Newsletters

Court of Protection Newsletter #1108.01.19

Other News

The Care Quality Commission is to review the use of restraint, prolonged seclusion and segregation for people with mental health problems, a learning disability and/or autism.

Interim findings will be reported in May 2019 and a full report will be published in March 2020.

In Focus…

Independent Mental Health Act Review published 6 December 2018

Barbara Green provides an in depth focus of the recent independent review of the Mental Health Act published 6 December 2018.

Download Copy [PDF]

Reports and Guidance Update

CQC Mental Health Act 1983 (MHA) report and corrections

CQC, ‘Monitoring the Mental Health Act in 2016/17’ (27/2/18) This report sets out the CQC findings from engagement with people subject to the MHA and the review of services registered to assess, treat and care for people detained using the MHA.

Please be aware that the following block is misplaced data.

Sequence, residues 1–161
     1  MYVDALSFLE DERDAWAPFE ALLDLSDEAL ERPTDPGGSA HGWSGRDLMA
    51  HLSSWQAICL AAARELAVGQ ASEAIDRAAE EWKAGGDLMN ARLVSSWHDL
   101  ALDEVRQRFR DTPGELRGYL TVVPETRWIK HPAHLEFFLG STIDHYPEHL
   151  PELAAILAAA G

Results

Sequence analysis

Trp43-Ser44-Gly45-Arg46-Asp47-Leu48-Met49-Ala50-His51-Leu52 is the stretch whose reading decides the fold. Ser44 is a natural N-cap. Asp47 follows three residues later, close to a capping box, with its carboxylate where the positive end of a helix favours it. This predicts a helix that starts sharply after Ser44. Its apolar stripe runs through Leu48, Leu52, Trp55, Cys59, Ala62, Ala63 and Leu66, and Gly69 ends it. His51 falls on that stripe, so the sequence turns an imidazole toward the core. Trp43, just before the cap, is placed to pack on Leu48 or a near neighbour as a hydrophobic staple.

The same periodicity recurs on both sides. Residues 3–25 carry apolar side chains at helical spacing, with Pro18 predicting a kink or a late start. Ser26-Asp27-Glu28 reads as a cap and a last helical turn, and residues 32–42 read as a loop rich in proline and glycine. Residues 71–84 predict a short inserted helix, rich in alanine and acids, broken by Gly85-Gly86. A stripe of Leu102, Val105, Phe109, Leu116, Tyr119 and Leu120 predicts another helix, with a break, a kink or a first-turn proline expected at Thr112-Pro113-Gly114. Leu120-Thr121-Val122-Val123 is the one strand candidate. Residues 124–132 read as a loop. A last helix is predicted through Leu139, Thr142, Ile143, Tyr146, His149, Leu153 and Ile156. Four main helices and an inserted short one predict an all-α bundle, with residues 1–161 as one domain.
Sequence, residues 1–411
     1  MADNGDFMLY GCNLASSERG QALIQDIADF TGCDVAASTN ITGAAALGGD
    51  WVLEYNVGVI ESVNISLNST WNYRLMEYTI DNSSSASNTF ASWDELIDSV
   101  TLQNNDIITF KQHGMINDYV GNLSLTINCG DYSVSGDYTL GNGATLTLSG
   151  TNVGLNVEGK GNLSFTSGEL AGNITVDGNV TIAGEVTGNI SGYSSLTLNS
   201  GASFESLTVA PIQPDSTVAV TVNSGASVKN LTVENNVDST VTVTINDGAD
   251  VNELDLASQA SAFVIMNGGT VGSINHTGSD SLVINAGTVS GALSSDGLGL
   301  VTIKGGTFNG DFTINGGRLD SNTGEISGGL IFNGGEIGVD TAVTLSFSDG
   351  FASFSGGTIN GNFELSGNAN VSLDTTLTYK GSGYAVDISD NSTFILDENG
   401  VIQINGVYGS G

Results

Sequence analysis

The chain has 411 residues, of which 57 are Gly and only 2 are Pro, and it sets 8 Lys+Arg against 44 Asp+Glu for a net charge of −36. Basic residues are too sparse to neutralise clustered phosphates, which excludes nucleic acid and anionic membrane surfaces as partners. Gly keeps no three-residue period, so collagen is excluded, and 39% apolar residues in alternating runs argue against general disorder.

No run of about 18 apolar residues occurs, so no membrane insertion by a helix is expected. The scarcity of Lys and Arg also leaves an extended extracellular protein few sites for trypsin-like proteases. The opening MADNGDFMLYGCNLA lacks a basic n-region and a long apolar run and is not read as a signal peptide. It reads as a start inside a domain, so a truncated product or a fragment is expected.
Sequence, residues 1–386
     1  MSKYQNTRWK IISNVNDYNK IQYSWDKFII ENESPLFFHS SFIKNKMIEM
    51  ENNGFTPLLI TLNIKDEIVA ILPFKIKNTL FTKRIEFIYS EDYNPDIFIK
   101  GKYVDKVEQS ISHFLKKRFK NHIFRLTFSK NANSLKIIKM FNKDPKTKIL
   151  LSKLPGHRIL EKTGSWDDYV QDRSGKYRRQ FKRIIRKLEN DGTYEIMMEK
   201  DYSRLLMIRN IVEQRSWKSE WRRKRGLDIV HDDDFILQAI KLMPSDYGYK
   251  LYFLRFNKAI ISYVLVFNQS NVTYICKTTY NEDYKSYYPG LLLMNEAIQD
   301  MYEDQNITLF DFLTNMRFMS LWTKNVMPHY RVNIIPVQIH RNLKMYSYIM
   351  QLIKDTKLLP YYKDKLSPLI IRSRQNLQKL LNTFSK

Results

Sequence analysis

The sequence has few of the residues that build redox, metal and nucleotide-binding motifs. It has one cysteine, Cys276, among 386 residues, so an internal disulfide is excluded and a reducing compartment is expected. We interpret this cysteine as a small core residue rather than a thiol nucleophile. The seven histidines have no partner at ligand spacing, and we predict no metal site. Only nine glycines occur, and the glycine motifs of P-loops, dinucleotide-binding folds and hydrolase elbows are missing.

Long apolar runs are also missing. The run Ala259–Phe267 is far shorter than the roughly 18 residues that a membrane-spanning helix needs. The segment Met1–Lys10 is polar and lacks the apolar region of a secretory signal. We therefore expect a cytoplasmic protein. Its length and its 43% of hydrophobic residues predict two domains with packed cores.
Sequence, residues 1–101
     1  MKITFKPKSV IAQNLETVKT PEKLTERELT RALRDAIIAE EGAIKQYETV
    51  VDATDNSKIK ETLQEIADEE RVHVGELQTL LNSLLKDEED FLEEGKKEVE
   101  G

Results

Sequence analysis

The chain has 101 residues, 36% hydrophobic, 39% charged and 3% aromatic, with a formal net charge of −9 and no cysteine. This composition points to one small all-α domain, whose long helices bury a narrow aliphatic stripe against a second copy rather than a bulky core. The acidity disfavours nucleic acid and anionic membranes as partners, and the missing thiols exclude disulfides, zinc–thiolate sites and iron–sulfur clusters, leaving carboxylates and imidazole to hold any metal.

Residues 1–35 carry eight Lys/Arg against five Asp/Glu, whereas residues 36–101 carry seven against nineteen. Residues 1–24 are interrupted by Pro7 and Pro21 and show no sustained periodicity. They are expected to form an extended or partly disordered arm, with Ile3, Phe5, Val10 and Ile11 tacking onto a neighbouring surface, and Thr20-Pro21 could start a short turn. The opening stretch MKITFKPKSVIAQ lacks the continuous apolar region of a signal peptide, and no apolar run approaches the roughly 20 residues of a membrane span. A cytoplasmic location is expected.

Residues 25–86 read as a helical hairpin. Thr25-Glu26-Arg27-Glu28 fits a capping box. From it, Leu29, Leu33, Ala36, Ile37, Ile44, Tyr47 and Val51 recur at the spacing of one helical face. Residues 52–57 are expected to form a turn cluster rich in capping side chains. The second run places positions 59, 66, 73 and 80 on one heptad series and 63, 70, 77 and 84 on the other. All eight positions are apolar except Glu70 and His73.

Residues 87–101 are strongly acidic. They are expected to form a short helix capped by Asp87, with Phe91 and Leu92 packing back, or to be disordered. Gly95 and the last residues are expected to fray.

CQC, ‘Monitoring the Mental Health Act in 2016/17 – amendment list’ (13/11/18) The CQC have published a list of amendments to this document after it was found that some data had been displayed in the report inaccurately.

Forced marriage consultation 15.11.2018 to 23.01.2019

Home Office, ‘Preventing and tackling forced marriage: a consultation’ (15/11/18)

This consultation invites views of how the current guidance on forced marriage can be improved. It also requests comment on whether it is necessary to introduce a new legal mandatory reporting duty relating to cases of forced marriage and, if so, what such a reporting requirement would look like.

Final report of the mental health act review

Independent Review of the Mental Health Act 1983, ‘Modernising the Mental Health Act: Increasing choice, reducing compulsion’ (final report, 6/12/18)